Some of the difference-makers who might be most likely to follow Pope to Lexington:

Jaxson Robinson: The leading scorer for BYU this past season — at 14.2 points per game — Robinson, a 6-7 guard, is No. 55 in ESPN’s NBA draft rankings, so he might be unlikely to return to college. If he does, it would not be a surprise at all to see him follow Pope to Lexington, where he’d likely be one of UK’s best players, no matter who returns from the current Wildcats’ team or who else the new UK coaching staff can get out of the transfer portal. ESPN’s preseason ranking of BYU at No. 14 did not have Robinson on the projected roster, another indication of the strength of the team Pope had assembled for next season.

Collin Chandler: The No. 33 overall recruit in the 2022 class — and BYU’s top-ranked commitment in nearly a decade — will return to the United States soon from a two-year mission trip and was planning to join Pope’s team for next season. It’s not yet clear if Chandler will remain with BYU, and — if he doesn’t — the 6-4 guard could be a candidate to join the Wildcats instead. The other two signees in BYU’s 2024 recruiting class were combo guard Brooks Bahr (No. 109 nationally) and power forward Isaac Davis (No. 116).

Dallin Hall: A 6-4 sophomore guard and BYU’s leader in assists with 5.1 per game this past season, Hall entered his name in the transfer portal Friday, within 24 hours of Pope accepting the job at Kentucky.

Aly Khalifa: Another regular starter, Khalifa — a 6-11 big man from Egypt with elite passing skills — also entered the portal Friday and included a “do not contact” tag, which is often (but not always) a sign that a player intends to follow his coach to a new school. Khalifa averaged 5.7 points, 3.7 rebounds and 4.0 assists in 19.4 minutes per game while playing a unique role in Pope’s offense this past season.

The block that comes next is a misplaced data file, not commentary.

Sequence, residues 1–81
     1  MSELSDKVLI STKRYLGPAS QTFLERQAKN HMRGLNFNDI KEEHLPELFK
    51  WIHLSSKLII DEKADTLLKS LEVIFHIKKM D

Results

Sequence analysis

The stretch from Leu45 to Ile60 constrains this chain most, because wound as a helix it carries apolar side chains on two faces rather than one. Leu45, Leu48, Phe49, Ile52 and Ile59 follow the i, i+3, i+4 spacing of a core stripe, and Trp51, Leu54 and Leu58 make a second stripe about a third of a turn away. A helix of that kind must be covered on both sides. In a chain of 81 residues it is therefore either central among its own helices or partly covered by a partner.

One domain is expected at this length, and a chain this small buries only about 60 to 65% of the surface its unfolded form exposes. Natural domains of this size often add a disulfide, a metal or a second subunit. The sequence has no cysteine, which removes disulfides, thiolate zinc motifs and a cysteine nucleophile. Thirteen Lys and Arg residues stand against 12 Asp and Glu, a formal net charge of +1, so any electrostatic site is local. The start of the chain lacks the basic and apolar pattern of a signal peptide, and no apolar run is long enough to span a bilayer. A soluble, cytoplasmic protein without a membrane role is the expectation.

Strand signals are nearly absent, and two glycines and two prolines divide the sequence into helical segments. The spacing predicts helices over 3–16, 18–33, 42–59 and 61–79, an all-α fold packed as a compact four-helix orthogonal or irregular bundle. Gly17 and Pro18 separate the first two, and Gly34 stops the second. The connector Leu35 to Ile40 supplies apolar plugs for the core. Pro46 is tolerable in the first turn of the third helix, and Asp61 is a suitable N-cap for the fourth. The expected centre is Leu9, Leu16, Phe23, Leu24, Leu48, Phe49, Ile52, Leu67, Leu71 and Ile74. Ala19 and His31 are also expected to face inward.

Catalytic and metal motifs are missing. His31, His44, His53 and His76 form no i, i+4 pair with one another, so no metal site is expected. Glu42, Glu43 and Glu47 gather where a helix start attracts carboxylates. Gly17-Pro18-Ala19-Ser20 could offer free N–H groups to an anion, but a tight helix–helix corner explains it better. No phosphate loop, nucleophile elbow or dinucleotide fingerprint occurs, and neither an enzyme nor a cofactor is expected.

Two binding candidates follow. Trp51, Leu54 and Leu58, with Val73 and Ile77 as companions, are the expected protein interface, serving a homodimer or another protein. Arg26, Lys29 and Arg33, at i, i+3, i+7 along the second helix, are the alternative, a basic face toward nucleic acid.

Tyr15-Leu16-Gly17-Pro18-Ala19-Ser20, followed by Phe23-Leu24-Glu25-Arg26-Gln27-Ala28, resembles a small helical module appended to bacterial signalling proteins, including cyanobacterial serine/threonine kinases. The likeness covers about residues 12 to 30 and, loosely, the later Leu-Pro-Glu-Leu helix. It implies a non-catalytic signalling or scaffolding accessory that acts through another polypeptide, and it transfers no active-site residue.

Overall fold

Pope’s 2024-25 roster at Kentucky

Who stays, who goes and who follows Pope from Provo?

It’ll be interesting to monitor those developments in the coming days and weeks.

Obviously, Sheppard would be an amazing addition for the new Kentucky coach, though the likelihood of his return should still probably be set at less than 50%, even with the tight family connection.

If he doesn’t return — barring a surprise from Thiero or Onyenso — perhaps no scholarship players will be back from last season’s electric roster, and Pope really will be starting from scratch in year one.

Expect Perry to stick with Kentucky, his dream school growing up in the state. A handful of BYU players — and possibly a recruit or two — could also follow Pope to UK, which will have 13 scholarships to work with for the 2024-25 season.

It’ll be imperative for Pope to get started right away with putting his coaching staff together — some of his assistants from BYU are expected to follow — and to get to work in the transfer portal, which remains open for players to enter until May 1. (As long as prospective transfers have put their names in the portal by that date, they can commit to a new school at any time after the window closes.)

Pope should have a healthy amount of NIL resources to work with — UK athletics director Mitch Barnhart said Friday morning that $4 million had already been pledged toward the program following the hire of the new coach — and he plays a fun and innovative offensive style that should attract players in the portal.

He’ll be looking for the right roster fits as he builds the foundation for this new era of Kentucky basketball, and just how good the Wildcats can be in his first season will be difficult to predict. But Pope has proven himself to be a “relentless recruiter” — in the words of his college coach, Rick Pitino — under unique circumstances at BYU. And, with the full power of the Kentucky basketball brand behind him, Pope should find a winning formula rather quickly, on and off the court. He’ll be expected to do nothing less.

Pope likely won’t recruit at the level of Calipari — other than Duke, who does? — but he should bring more continuity to the program, once he settles in. And while it could be a bumpy beginning, that will be a welcome change for a large contingent of Kentucky fans.